Writing in the New York Times, Ben-Gurion University’s Benny Morris suggests Israelis aren’t simply scared; they’re deathly afraid—and not just for themselves, but for the future of Israel. Morris argues Israel is struggling to adapt to a new reality that includes dwindling sympathy for the Jewish state in the West and an energized Islamic opposition to Israel’s very existence:
Between 1948 and 1982 Israel coped relatively well with the threat from conventional Arab armies. Indeed, it repeatedly trounced them. But Iran’s nuclear threat, the rise of organizations like Hamas and Hezbollah that operate from across international borders and from the midst of dense civilian populations, and Israeli Arabs’ growing disaffection with the state and their identification with its enemies, offer a completely different set of challenges. And they are challenges that Israel’s leaders and public, bound by Western democratic and liberal norms of behavior, appear to find particularly difficult to counter.
Israel’s sense of the walls closing in on it has this past week led to one violent reaction. Given the new realities, it would not be surprising if more powerful explosions were to follow.
Also in the New York Times, Stephen Farrell writes that Hamas likely ended the cease-fire it agreed to six months ago because its commitment to violent struggle against Israel was being undermined by the truce. The group’s leadership ostensibly believes that a return to highly-visible armed resistance will swell its base of support in both Gaza and the West Bank: “It may also have calculated that the rockets into Israel – 60 in one day – would restore its status among Palestinians as the champion of ‘resistance’ against the Zionist enemy, whose soldiers and settlers are no longer in Gaza within reach of Hamas’s military wing.”
Still, Hamas may have gotten in over its head with its repeated rocket attacks against Israel, argues Hassan Haidar in an Op-Ed for Dar Al-Hayat. Hamas likely viewed the political jockeying ahead of the Israeli elections as an opportunity to make a splash, but the group now finds itself embroiled in a fight it wasn’t necessarily prepared for, and facing off against an emboldened opponent looking to send a strong message to the rest of the region:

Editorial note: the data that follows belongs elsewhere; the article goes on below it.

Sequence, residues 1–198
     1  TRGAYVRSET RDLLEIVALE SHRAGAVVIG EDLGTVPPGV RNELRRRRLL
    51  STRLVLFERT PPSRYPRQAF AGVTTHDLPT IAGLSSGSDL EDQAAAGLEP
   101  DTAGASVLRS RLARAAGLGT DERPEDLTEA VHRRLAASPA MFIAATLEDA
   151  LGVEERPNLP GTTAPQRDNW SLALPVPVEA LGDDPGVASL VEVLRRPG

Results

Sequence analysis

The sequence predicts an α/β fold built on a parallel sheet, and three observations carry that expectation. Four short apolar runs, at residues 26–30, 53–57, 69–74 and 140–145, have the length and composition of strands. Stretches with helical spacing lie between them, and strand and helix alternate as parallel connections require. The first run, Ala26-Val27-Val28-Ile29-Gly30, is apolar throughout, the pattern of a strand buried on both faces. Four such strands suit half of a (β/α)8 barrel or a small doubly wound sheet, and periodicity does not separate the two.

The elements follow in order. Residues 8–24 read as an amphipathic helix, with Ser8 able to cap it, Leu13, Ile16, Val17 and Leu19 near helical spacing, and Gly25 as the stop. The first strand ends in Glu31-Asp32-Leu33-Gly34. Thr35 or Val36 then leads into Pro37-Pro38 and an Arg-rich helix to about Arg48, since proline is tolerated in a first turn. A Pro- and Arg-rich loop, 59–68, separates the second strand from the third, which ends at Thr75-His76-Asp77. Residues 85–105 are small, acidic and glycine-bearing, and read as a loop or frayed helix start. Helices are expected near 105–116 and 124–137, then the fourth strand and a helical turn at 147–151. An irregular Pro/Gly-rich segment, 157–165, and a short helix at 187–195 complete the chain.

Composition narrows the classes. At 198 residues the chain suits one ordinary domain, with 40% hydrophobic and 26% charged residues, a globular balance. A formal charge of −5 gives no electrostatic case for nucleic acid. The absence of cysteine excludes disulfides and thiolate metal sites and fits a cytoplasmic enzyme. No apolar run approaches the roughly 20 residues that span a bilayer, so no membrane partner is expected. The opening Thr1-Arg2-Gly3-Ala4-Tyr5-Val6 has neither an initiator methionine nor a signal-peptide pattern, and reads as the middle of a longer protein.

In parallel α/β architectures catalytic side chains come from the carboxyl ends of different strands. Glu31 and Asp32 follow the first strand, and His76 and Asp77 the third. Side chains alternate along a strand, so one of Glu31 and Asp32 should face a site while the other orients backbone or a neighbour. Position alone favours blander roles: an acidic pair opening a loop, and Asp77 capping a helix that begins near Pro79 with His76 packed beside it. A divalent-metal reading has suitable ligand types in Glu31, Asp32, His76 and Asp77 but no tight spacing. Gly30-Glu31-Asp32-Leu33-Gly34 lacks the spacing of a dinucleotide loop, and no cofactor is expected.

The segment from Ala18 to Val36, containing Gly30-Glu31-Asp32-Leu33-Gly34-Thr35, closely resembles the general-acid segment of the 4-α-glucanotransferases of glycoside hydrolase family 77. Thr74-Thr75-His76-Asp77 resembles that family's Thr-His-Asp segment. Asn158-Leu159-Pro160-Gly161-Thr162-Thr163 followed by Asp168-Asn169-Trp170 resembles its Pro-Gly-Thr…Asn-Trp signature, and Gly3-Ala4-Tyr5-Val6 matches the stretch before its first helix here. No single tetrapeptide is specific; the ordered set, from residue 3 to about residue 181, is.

Hamas thought it could improve its negotiating position with Israel which has repeatedly violated the truce, benefiting from the divergent Israeli positions in the run-up to the general elections with the rivals competing within the government, and Livni and Barack attempting to pull the rug each to his side. In addition, Hamas assumed that a relative and limited security trouble in Gaza will strengthen its internal Palestinian cards and prompt the authority to respond to its demands, namely cease its negotiations with Israel on the basis of Annapolis. Syria and Iran too encouraged the movement to break its ties with the Arab moderate camp represented by Egypt and Saudi Arabia.
On the other hand, Israel was trying – according to statements by its military chiefs – to regain a very important deterrent card, based on an enormous military superiority. It knew in advance that Hamas’ regional commitments will make the movement – sooner or later – abandon the Egyptian umbrella and revoke the truce. Thus, it seized the opportunity to launch a very painful strike, while at the same time addressing a message to Hamas’ allies, particularly in Lebanon, that a new war with Israel will be unaffordable.
The video above comes from the Israeli Defense Forces’ (IDF) new channel on YouTube. The IDF are using the online video site to broadcast their bombing exploits in Gaza, though they’re finding some of their videos aren’t staying up on the site for as long as they wished:
We are saddened that YouTube has taken down some of our exclusive footage showing the IDF’s operational success in operation Cast Lead against Hamas extremists in the Gaza Strip. As the State of Israel again faces those who would see it destroyed, it is imperative that we in the IDF show the world the inhumanity directed against us and our efforts to stop it. It is also worth noting that one of the videos removed had the highest number of hits (over 10,000) at the time of its removal.